Pointers For Relatives And Friends

As the mother or father of a
child with special needs, the opportunity to replace widespread ignorance with
solid education is yours. Your task is to help others help you. You can also
enlist an understanding friend or family spokesperson to convey your feelings
to other people.  

Teach People About Tact, Respect
Don't Walk and Assuming The Unexpected

Tact - Interest is appreciated. Intrusiveness is not. Most people are
careful not to pry into the private lives of typically developing children, so
ask that they exercise politeness when discussing your child who has special
needs. Some details can be embarrassing or sensitive information. Instruct
others to look for cues from you to know how much you feel comfortable sharing.
Or ask friends and relatives to inquire whether you want to discuss specific
topics. Let them know that if they may share certain information, you may have
heard it before and tried it, or it may seem inapplicable to your situation. Offering
ideas is helpful; pushing isn't. Maintain a kind but firm stance about others
letting you choose which advice to accept when, and not taking it personally if
you decide that their suggestion doesn't work for you at this time.

Respect - Others might not realize that your daughter may understand more
than she appears to. Make a rule that when she is present, people only say things that will make her feel good about herself. Get them to talk to her. Instead of answering
when your daughter is asked her name or age, have people ask her. Even if she
cannot answer or even understand, she may comprehend a caring tone. Teach
relatives and friends not to assume that your son is the same as all other
children who share his medical condition. Encourage them to get to know him as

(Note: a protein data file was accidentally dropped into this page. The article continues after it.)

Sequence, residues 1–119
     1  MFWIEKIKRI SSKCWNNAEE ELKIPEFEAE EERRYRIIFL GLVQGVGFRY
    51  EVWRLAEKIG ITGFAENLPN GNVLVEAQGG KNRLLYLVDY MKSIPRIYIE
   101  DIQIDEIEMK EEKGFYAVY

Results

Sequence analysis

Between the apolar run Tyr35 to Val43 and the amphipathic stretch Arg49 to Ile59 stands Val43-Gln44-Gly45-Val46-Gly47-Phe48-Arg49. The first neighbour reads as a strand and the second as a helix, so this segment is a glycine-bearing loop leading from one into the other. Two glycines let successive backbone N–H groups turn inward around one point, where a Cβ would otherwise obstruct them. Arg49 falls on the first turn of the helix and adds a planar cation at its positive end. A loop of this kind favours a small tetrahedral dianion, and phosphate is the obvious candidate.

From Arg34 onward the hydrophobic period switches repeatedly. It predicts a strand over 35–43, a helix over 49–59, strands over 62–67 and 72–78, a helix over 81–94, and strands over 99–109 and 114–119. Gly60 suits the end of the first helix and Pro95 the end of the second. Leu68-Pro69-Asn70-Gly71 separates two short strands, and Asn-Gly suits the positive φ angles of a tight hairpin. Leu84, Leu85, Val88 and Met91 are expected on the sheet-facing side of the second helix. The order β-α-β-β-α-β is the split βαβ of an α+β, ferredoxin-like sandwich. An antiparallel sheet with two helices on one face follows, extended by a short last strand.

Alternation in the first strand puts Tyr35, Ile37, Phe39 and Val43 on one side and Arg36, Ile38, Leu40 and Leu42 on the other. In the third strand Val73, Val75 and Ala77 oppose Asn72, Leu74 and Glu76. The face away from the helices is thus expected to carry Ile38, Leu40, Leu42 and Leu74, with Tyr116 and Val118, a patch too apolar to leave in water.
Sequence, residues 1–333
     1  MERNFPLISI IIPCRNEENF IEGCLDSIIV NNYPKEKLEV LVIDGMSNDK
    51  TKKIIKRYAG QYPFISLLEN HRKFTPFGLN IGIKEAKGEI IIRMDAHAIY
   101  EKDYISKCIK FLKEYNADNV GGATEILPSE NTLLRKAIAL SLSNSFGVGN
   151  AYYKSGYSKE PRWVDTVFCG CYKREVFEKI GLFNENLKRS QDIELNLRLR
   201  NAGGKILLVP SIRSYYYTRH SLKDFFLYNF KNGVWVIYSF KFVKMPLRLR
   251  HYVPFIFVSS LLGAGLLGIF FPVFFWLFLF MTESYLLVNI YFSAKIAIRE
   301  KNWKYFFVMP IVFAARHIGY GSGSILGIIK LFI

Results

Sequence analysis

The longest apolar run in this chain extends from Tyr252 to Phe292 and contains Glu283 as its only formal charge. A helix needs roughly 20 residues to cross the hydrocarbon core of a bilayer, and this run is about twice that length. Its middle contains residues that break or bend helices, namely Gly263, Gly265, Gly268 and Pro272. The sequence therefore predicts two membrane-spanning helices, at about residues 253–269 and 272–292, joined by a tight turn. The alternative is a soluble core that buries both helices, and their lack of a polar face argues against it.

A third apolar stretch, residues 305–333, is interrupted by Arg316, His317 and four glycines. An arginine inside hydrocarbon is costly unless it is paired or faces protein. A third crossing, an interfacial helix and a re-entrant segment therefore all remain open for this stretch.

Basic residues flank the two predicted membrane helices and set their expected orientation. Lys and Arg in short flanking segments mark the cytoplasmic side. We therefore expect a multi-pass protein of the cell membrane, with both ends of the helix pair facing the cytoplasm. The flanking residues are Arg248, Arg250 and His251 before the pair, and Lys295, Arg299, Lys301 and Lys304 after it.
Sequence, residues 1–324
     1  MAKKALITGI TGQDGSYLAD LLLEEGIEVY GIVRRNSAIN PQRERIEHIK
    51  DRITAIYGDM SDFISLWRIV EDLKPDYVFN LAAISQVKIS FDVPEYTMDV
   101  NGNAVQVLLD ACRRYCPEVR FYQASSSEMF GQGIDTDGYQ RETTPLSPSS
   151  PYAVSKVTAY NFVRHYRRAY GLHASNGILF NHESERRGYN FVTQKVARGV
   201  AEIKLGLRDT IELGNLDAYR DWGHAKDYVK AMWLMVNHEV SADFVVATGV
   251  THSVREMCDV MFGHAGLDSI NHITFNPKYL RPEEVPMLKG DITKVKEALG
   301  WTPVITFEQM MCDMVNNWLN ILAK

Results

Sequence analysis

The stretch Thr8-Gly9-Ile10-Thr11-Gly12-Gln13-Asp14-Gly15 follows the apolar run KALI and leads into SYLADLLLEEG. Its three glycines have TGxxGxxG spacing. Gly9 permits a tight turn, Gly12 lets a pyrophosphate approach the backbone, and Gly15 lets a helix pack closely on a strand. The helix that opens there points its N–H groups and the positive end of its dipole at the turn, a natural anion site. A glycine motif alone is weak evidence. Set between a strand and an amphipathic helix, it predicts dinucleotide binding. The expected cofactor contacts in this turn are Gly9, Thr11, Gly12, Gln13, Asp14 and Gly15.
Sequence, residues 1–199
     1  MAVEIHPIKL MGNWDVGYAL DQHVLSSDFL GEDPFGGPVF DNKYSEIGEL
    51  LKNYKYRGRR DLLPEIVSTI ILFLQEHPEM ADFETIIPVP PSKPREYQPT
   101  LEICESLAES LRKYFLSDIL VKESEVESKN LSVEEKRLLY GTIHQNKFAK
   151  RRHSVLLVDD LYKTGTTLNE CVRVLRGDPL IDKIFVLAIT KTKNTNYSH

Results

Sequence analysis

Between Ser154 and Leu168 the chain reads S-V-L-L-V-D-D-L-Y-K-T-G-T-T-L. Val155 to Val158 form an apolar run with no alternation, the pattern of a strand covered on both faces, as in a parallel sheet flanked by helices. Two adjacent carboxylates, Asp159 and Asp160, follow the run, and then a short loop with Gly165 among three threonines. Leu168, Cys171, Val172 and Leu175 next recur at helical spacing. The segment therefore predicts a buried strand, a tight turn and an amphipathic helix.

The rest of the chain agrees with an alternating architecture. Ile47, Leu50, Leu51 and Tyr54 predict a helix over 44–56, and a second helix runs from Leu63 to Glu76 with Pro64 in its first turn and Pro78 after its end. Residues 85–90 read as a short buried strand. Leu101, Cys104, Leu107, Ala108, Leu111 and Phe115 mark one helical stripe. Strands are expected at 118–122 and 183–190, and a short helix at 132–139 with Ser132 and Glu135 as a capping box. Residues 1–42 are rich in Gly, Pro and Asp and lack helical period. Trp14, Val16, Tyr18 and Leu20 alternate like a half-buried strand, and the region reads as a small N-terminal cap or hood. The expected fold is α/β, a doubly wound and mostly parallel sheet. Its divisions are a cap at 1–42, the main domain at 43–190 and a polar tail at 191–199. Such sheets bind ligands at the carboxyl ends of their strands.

an individual. Explain that you like hearing your child referred to by name - your
child is "Noah
". He should not be
referred to as "that poor Smith child who is retarded and in a wheelchair".

Don't Walk - Let others know how important it is to you that they stay your
friend. They may not realize how hurtful it is when, feeling discomfort, they
cross the street or disappear down the canned foods aisle. Convey that all you
want is for people to act normal around you and your child - it doesn't help
matters to overdo by prattling on excitedly in a fake manner. You want to get
out the message that you wish others to relate to you as they did before you
became the parent of a disabled child.

Assume the Unexpected - Your child's temper tantrums or other atypical or
socially inappropriate behavior may be misinterpreted as the result of bad parenting
on your part. It may not be obvious that your daughter is autistic, or that
your son has ADHD. Teach people that your child's behavioral challenges do not
mean that you do not care how he or she behaves, or that you are not trying to
educate him or her behind the scenes. Get others to pause before they judge and
take a moment to contemplate this: meltdowns may mean medical matters are

By helping others relate to your unique situation, you are helping yourself
and your child experience more tranquility. Your extra efforts in reaching out
can secure a life of higher quality for your child with special needs, and for